And For Our Next Trip.

We released our brakes and rolled down the hill. My riding buddies whooped as we accelerated and leant into the turns. There were a few nervous screams but on we raced past cottages and trees, with gravity on our side providing the free speed. The wind felt exhilarating on our faces, pulling at our hair and pressing our clothes tight to our chests. Tyres hummed on rough tarmac while we resisted the urge to squeeze the brakes.

Eventually the road leveled off and a couple of people punched the air, shouting “YES!”. Someone asked “Can we do that again?”, “that’s better than a roller coaster!”. 

It was a hill I’d ridden many times before, about half a kilometer in length and no more than 5% at its steepest. I’d never given it much of a thought before, just a stretch of road on the route towards Worcester that is quite pretty but nothing to get excited about. Given the reaction from my riding buddies on that day, they clearly thought otherwise. To them this was the greatest stretch of road they’d ever ridden. 

Admittedly I was riding with a group of 10 year olds during a Bikeability lesson but it got me thinking how easy it is to forget just how much fun cycling actually is. Bikes can be hard work, they can be scary, they can leave you cold, wet and hungry and sometimes they can be really, really annoying when something breaks leaving you stranded on a roadside miles from anywhere. But given half a chance, almost every time you swing your leg over one they will make you smile. Especially if you can engage your 10 year old appreciation for simple pleasures. 

First day of school as a Bikeability Instructor

Last year I needed to be reminded how much we enjoy cycle touring too. The pandemic put a dampener on a lot of things and changed all of our routines to the point where it was hard to remember what we used to like to do. Our Bog LEJOG journey was the first long trip by bike (and boat) since we visited Cuba in 2018 and it felt really good to be back on the road. That sense of elation from cresting a hill to be rewarded with a view that takes your breath away. Discovering new places and meeting new people. The freedown of knowing we have everything we need on our bikes to continue indefinitely. It stirred familiar feelings and felt exciting so since then we’ve been pondering what to do next. 

Towards Loch Marie during Bog LEJOG
In Derbyshire with the legendary Tara (@followmargopolo)

The solution came via an email in February from a brilliant local charity that we support called Action on Poverty (APT). They provide training and resources to help vulnerable communities to develop sustainable livelihoods in several countries across Africa. The email was asking us to help them plan a fundraising bike ride in Uganda next year which of course we were happy to oblige. Now Africa is a continent that we’ve never turned our pedals on so the more we looked into the options for route the more it sounded like a great place to visit. This had to be our next adventure. 

Fast forward to the end of June and we now have arms full of jabs, a Ugandan Visa and a map with a wiggly line on it. We also have two matching 1980s Peugeot mountain bikes. Mine cost £10 and I felt a bit ripped off whereas Kirsty’s was free and seemed like a bargain. We’ll be using them to ride 2000ish km around the country testing out the planned Action on Poverty route then adding a whole lot more on the fabled Trans Uganda trail. Basic bikes should be easier to find parts for if needs be and we hope to show that you don’t need the latest and greatest kit to enjoy a big adventure. We’ll see if that holds true!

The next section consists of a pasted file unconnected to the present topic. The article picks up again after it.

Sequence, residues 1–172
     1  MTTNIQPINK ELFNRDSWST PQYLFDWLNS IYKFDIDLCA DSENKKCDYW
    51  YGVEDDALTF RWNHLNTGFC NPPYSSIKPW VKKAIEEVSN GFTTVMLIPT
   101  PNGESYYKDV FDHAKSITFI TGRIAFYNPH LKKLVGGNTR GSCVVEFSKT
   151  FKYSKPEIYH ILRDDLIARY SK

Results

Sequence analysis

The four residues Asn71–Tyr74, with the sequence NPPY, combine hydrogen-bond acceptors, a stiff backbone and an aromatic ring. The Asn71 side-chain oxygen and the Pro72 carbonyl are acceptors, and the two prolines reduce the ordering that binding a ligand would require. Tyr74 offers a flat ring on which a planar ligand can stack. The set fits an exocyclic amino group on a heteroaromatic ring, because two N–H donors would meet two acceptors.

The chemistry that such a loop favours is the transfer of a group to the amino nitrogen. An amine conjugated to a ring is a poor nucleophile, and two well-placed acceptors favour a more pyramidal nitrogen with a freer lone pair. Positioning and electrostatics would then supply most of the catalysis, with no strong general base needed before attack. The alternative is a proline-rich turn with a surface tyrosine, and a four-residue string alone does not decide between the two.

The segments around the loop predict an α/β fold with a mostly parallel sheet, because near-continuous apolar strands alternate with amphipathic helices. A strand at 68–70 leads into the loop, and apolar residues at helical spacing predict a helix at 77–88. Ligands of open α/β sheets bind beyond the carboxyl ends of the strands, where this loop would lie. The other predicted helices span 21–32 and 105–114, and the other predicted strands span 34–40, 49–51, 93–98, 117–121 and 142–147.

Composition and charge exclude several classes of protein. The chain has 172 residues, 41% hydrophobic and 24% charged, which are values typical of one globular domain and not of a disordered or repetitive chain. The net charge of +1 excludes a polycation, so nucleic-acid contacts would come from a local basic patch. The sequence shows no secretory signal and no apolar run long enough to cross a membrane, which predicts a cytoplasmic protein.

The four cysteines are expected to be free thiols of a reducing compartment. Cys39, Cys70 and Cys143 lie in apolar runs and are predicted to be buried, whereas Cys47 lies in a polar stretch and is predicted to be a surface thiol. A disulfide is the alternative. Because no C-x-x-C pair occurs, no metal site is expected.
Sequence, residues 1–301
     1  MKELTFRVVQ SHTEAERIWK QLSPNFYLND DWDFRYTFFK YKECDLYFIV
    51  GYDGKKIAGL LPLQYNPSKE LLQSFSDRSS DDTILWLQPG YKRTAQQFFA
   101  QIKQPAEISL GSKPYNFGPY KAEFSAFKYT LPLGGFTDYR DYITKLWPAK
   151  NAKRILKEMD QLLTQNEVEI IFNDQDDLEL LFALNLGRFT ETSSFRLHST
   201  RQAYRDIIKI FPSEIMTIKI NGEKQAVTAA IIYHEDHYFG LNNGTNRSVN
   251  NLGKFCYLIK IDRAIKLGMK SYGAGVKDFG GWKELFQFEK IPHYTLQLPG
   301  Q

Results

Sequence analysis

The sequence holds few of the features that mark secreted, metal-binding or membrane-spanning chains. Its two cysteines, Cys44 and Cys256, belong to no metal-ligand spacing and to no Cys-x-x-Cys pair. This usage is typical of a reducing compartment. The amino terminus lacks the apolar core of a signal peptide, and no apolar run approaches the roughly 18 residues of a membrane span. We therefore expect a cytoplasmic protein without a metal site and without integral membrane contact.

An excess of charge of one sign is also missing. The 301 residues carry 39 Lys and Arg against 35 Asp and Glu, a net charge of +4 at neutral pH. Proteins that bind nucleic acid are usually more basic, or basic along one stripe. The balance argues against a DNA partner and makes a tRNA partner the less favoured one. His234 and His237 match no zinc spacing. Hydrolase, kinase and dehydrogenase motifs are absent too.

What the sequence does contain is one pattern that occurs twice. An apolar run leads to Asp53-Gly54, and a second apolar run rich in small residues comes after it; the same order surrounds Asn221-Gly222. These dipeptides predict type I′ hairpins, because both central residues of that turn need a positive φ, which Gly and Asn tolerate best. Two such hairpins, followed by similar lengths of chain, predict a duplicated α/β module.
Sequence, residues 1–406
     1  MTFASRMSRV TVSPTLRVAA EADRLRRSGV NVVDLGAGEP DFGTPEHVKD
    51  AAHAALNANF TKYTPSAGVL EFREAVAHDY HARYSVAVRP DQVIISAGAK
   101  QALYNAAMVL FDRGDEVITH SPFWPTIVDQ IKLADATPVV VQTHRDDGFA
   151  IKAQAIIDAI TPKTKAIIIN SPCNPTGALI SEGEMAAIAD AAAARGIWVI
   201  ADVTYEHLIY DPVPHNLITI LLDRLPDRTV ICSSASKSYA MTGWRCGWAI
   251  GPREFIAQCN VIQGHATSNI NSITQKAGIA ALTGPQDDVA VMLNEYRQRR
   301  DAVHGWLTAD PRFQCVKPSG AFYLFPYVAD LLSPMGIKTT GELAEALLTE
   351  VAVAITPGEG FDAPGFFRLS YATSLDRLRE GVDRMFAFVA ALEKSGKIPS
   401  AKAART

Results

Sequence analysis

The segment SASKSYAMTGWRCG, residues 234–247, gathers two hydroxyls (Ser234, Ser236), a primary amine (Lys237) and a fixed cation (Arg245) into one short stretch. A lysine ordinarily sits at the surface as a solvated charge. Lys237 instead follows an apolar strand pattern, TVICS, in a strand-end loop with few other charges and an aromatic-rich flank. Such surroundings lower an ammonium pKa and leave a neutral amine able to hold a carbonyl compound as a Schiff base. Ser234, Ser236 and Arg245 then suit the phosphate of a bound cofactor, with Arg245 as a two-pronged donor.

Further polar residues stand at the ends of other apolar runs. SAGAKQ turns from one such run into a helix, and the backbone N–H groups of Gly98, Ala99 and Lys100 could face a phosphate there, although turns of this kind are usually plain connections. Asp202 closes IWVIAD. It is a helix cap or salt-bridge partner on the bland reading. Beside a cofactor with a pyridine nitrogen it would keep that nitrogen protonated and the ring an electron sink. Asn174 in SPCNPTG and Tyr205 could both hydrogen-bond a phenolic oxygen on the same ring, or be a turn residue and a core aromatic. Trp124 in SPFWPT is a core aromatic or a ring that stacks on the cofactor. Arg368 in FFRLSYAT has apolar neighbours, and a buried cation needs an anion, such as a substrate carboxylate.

Trusty steed #1
Trusty Steed #2
Load test on the Devon coast to coast

As we get closer to departure there have been those jolts of adrenaline that come from knowing we’re about to leave our comfort zone for the first time in years. A friend found it amusing that a seasoned cycle tourist who had ridden round the world would be nervous about a relatively short trip like this. But it’s one thing riding out of your front door and slowly heading to foreign countries and quite another to jump on a plane and get dumped in Entebbe hours later. How will we cope with the heat? How rough will the roads be? Will we get eaten by lions? 

The only way to find out is to release the brakes and roll down the hill. 

Downhill to Loch Hourne

We don’t plan to write a blog while we’re away but will be using Instagram for short updates so feel free to follow us on @shesnotpedallingontheback or on Facebook @shesnotpedallingontheback. We’ll expand these into a proper blog post when we’re back in August. 

Although our ride is a recce of the APT route this isn’t intended as a sponsored ride. But if you’d like to support them then they would very much appreciate a donation to help fund their fantastic work. Here’s a link to a Just Giving page for that very purpose. 

https://www.justgiving.com/page/kirsty-marcus-uganda

2 girls in Kampala who enrolled on a hairdressing apprenticeship thanks to help from APT
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4 thoughts on “And For Our Next Trip.

  1. I used to have that very same Peugeot mountain bike back in the 80s! Blast from the past.

    I also happened to see a tandem roll past on the towpath whilst was out a sculling on the Medway. It was a couple, he was steering, she was the stoker. I was very pleased with myself to shout ‘she’s not pedalling on the back!’. They seemed to find it funny.

    1. Hi Charlie, I forgot to reply to this but hope you enjoyed your Peugeot as much as we enjoyed ours!
      I’m sure the tandem crew found your shout hilarious!

      Happy paddling

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